Sunday, December 13, 2009

Did You See That?!?!?!

            One particular blog post that caught my eye was one about UFO’s, which was written by Pakou Thao. I honestly have never put much thought to this subject, but when I did stop and think about it, I was somewhat undecided.

            My realistic, scientific, not wanting to be called crazy, side tells me that there is no way that a life form that advanced could possibly exist in our solar system. It took eons and eons for just the simplest life forms to develop. To this day there has been no concrete evidence to support that aliens do exist and are thriving on another planet. Steve Mizrach, of Florida International University, explains how the media has brought about the hype of UFOs. He believes that UFOs are now just a part of our culture and will really never go away, but they should not be regarded as factual or real. I agree with what he is saying, with TV and especially the Internet, news of UFO sightings can span the globe in a matter of minutes. Whether it’s for the attention or the person honestly think they saw a UFO, the pressure of our culture definitely plays a big factor in the number of UFO sightings.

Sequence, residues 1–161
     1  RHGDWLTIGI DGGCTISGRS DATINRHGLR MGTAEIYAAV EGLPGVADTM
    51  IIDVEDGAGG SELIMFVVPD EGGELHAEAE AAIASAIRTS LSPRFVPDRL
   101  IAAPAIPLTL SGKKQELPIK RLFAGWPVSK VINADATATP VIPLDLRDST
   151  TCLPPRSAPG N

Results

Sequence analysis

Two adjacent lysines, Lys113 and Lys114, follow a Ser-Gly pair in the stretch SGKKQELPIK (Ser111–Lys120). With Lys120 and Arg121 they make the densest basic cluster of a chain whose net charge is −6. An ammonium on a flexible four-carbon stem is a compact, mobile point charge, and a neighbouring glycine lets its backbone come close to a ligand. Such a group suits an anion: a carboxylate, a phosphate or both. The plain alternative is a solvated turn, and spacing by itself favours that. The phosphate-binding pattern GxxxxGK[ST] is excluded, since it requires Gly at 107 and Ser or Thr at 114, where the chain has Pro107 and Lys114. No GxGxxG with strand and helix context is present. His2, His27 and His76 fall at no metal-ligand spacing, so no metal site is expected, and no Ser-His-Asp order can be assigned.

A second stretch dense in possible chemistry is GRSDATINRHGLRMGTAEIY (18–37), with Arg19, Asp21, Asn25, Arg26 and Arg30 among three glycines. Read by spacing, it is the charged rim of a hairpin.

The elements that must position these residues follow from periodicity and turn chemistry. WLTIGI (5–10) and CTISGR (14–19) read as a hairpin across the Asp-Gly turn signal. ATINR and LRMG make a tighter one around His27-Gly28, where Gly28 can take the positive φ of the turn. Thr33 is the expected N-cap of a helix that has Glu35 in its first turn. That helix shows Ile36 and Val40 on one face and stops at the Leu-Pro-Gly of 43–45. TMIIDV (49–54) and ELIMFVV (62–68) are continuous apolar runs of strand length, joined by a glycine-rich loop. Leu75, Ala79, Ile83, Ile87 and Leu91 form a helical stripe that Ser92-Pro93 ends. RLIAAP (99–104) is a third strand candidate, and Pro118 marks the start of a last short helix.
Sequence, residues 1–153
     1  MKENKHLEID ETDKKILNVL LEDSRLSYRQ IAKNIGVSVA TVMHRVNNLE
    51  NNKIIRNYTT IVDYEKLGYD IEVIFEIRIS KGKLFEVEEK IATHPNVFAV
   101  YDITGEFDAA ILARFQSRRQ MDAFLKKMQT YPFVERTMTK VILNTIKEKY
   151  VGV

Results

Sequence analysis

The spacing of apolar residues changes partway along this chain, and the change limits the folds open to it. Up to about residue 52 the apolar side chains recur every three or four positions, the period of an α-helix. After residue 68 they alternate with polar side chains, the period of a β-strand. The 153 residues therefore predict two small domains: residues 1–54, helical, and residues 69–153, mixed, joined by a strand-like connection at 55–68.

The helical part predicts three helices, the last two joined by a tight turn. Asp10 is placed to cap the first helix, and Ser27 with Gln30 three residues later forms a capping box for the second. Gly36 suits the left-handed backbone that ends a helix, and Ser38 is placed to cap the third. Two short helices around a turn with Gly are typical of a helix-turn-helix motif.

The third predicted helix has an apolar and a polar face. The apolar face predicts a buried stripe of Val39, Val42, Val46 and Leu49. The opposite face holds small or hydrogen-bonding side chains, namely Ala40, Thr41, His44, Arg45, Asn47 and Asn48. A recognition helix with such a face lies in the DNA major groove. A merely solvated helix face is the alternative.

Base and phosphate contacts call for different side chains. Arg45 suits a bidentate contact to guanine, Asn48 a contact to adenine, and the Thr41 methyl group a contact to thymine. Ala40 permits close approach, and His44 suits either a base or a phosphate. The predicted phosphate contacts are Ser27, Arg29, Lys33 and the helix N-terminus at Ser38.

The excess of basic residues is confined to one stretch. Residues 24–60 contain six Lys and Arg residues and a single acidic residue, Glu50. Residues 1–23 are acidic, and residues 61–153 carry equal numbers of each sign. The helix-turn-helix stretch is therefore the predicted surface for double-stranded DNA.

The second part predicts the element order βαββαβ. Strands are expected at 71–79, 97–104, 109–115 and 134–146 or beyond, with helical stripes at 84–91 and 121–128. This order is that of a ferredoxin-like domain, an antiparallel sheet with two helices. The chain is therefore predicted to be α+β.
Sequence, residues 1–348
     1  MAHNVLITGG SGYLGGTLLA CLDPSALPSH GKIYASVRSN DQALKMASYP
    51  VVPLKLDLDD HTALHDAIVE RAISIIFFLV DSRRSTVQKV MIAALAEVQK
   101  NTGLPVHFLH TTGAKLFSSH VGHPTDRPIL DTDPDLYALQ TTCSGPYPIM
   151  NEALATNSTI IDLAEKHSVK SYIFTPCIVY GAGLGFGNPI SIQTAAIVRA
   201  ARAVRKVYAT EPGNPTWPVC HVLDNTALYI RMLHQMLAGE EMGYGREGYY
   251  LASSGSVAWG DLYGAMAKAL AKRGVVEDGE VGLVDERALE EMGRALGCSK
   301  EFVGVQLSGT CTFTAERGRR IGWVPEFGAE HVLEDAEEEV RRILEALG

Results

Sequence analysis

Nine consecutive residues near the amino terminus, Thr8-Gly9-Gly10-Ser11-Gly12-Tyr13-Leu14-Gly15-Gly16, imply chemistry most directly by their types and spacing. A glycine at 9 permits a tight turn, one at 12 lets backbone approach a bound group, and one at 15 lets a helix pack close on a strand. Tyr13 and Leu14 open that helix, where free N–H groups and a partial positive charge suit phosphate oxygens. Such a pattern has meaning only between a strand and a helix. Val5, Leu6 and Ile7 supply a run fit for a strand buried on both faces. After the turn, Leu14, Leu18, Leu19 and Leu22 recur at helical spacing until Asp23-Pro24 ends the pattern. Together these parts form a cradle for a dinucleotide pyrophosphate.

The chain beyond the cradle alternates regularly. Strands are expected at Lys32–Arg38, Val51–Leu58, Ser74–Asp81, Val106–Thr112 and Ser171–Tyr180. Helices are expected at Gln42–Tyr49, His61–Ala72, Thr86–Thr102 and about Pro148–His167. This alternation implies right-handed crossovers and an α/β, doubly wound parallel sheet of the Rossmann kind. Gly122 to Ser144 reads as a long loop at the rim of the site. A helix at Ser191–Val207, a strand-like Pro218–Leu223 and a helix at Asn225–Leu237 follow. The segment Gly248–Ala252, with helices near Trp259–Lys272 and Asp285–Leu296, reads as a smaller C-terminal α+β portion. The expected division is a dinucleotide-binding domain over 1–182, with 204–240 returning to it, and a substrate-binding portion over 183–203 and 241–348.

Now in saying all of that, I can believe that there are some forms of life out there. On Mars there could be a very primitive form of a potential cell of a bacterium. This could someday develop into human-like beings, unless humans interfere and totally screw them up. The facts behind UFO’s just won’t let my mind believe that there are such things as advanced as humans out there.

            So in a way I do agree with P.K. in the fact that there could be very simple life forms out there on other planets, however I do not believe that there are anywhere near as advanced life forms as humans. The probability is just too small and there is no evidence to support the thought. 

A Final Look At Healthcare in America

The debate over healthcare is quite controversial and Americans can’t seem to find a solution that the majority agrees with. Honestly the solution, that I think is the best, is universal healthcare. Money is a huge factor in this debate and as sad as it may seem, I believe it’s the factor that American citizens weigh the most in their decision. On average the government and insurance companies charge an uninsured citizen $1,103 each year. On the flip side, they charge insured Americans $3,809 each year, making the costs of health care three times larger for the insured versus the uninsured (Kang, 2009). Obviously by doing this insured Americans are having more of their hard earned money taken away because of something that is almost entirely out of their hands.